As a rule, smart bulbs are usually sold on their own or in kits with other bulbs, sometimes as part of a package with a control hub. Manufacturers presume that you already have a lamp or other fixture to screw them into.
Philips has a huge lighting division, though, and it makes sense that they would be able to sell you both products at the same time. Enter the Hue Wellner, nominally a one-stop solution for smart lighting. Included is a lamp and a Hue White Ambiance bulb.
People familiar with Hue will notice a major omission though: the Hue Bridge. While you can theoretically pair the White Ambiance with a Hue dimmer switch and leave things be, that’d be crazy — you might as well have bought a conventional lamp. Essential smarthome functions like timers, remote access, and integration with Apple HomeKit require the Bridge, which costs $52 from Amazon.com.
If you do have a Bridge, the Wellner becomes palatable. Via the Hue iPhone and iPad app, or Apple’s own Home app, you can assign the lamp to a room and weave it into elaborate scenes and automations. Some functions are limited to the Hue app, such as gradual “Wake up” and “Go to sleep” routines, or modeling a lighting scene on colors pulled from an image in your camera roll.
In fact reviewing the Wellner reminded us of how limited the iOS Home app is. Nothing like “Wake up” is possible in Apple’s software, since lights are either on or off in scenes and automations, even if you can pick the color and brightness for individual bulbs. That’s a shame, because I enjoyed being woken up gently.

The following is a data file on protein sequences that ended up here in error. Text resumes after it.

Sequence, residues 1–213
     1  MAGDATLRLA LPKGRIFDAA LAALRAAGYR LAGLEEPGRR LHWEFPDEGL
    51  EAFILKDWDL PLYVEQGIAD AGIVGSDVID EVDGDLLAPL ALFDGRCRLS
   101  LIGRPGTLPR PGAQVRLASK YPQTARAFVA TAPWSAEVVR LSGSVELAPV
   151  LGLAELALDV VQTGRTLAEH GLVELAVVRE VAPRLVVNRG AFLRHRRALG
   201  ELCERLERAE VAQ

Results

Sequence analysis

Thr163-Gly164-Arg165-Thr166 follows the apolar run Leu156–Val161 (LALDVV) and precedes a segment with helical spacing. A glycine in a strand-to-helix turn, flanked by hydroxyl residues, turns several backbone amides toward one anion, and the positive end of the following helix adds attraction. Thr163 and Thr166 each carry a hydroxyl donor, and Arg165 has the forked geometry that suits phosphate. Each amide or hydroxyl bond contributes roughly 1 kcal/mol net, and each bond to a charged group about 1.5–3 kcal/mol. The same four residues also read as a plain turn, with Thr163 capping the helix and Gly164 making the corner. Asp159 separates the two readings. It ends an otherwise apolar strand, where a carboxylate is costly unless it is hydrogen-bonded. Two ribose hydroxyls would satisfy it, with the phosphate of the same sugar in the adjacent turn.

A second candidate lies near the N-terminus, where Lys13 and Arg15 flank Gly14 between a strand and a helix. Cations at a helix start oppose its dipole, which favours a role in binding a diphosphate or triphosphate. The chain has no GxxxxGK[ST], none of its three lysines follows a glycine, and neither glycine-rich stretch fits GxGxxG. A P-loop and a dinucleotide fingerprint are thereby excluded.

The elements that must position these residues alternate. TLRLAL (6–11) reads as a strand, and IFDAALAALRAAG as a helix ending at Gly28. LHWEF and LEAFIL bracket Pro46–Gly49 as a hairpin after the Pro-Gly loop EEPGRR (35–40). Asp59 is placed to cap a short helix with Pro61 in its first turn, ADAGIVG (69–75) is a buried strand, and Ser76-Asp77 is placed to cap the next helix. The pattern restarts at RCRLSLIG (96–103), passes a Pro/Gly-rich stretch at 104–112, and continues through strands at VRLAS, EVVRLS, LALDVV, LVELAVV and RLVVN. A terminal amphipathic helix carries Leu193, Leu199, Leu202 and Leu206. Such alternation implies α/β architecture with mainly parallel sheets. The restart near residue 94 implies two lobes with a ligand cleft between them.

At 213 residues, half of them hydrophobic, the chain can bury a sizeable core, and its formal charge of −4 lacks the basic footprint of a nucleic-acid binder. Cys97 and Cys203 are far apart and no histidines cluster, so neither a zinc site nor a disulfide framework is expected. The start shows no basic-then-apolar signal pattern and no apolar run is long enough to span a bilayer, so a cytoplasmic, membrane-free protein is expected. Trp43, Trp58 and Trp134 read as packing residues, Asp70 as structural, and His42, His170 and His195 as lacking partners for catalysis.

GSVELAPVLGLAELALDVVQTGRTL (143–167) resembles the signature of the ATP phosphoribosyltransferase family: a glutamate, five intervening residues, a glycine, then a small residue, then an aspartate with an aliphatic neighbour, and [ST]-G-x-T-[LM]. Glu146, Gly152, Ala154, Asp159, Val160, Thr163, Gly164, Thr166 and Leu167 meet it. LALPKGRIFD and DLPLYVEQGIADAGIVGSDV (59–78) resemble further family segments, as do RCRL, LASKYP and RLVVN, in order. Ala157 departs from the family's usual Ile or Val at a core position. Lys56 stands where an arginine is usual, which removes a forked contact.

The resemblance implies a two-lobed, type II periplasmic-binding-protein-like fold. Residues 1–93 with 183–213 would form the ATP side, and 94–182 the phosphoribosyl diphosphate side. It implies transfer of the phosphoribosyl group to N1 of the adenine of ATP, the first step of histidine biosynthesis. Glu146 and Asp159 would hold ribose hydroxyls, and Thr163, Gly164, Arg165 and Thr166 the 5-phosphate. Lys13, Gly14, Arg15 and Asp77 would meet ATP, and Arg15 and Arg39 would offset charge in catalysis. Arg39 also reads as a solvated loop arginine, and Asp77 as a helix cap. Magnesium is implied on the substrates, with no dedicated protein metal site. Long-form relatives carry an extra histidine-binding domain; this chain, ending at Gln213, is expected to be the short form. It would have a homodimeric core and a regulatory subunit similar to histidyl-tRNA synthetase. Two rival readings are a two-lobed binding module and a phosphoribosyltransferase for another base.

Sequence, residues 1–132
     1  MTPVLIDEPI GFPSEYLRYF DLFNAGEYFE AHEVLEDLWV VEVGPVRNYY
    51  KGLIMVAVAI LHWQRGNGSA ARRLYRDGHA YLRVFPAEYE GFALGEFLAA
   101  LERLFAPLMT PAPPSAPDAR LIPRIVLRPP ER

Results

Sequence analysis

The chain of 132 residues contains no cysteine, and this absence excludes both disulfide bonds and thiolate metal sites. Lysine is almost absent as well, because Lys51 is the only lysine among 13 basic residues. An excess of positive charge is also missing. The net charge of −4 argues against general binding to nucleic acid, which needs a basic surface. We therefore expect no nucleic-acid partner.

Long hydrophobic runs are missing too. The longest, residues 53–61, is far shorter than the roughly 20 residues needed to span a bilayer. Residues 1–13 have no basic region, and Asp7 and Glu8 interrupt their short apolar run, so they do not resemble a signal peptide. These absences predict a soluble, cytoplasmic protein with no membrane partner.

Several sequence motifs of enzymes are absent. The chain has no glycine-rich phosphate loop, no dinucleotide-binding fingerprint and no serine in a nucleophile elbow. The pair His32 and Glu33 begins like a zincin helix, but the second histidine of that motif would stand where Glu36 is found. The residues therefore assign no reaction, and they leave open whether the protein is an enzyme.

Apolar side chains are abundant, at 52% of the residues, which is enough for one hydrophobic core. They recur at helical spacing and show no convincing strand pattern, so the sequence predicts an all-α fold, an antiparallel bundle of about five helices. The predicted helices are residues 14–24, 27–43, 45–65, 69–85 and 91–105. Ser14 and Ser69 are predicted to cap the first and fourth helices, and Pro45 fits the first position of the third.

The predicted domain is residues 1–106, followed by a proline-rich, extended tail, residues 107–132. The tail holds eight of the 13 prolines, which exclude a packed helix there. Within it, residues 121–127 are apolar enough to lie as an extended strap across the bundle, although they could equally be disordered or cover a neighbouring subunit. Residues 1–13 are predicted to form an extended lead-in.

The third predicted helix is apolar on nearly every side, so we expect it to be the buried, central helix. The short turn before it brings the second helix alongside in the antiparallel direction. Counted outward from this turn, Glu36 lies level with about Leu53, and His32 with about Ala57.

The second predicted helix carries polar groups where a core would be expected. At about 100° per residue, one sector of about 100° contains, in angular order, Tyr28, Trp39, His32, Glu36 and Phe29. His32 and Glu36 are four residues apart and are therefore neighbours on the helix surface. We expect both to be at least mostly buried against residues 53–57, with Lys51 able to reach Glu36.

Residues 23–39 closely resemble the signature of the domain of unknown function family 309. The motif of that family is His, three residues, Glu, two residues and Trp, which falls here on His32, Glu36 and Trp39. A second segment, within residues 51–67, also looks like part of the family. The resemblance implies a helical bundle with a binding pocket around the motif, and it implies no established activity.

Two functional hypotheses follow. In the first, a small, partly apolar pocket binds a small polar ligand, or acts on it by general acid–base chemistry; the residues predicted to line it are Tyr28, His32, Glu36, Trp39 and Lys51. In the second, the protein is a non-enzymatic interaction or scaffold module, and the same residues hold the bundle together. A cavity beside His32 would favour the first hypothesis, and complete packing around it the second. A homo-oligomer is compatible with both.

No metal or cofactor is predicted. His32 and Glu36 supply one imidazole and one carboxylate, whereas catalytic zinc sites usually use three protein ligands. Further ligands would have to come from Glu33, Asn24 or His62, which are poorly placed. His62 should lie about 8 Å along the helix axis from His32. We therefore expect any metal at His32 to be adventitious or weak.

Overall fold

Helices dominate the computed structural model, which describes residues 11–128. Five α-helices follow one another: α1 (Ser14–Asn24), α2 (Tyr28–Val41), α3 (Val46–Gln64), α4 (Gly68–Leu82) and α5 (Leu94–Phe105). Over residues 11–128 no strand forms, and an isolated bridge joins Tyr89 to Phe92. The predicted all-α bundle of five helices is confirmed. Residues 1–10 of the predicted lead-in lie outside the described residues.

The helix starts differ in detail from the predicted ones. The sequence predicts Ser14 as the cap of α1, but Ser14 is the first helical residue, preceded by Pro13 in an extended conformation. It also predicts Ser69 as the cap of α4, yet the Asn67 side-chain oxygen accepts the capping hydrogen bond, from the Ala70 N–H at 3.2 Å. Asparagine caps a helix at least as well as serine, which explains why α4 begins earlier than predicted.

Some people may be disappointed that Philips doesn’t include a full-color bulb, but the White Ambiance is probably more than enough for most people. It delivers cool and warm color temperatures along the white spectrum, with an emphasis on matching the time of day.
At a maximum 800 lumens, there are brighter LED options available, and the bulb’s power is further diminished by the Wellner’s frosted glass. That said I found it to be sufficiently bright for settings like a desktop or bedroom, with the frosting creating a pleasing soft diffusion.
There are a few cautions to make about the lamp’s design. First be warned that it’s all glass, lacking even some sort of grip on the base to keep it from sliding around. Avoid placing it anywhere there’s a risk of it tumbling to the ground, or you may have to sweep up an expensive mess.
Also, its visual appeal isn’t universal. I was a fan, but my wife wasn’t, and even if everyone is onboard it may not match your decor. It works well with ultra-modern homes but can clash with rustic furniture.
Lastly it has a huge footprint, which can easily dominate nightstands or small desks. Picture a partly deflated basketball and you’ve got the right dimensions.
The Wellner is a potentially attractive lamp, but inherently crippled without a Bridge. Adding that can push the price to as much as $160, which isn’t worth it unless you absolutely insist on the lamp’s aesthetic.
I’d only seriously consider the Wellner if you’ve got a Bridge in tow and want both its looks and White Ambiance effects. Otherwise you’re better off buying a Hue Starter Kit and pairing it with your old lamps, and/or shopping for cheaper, neutral lamp designs.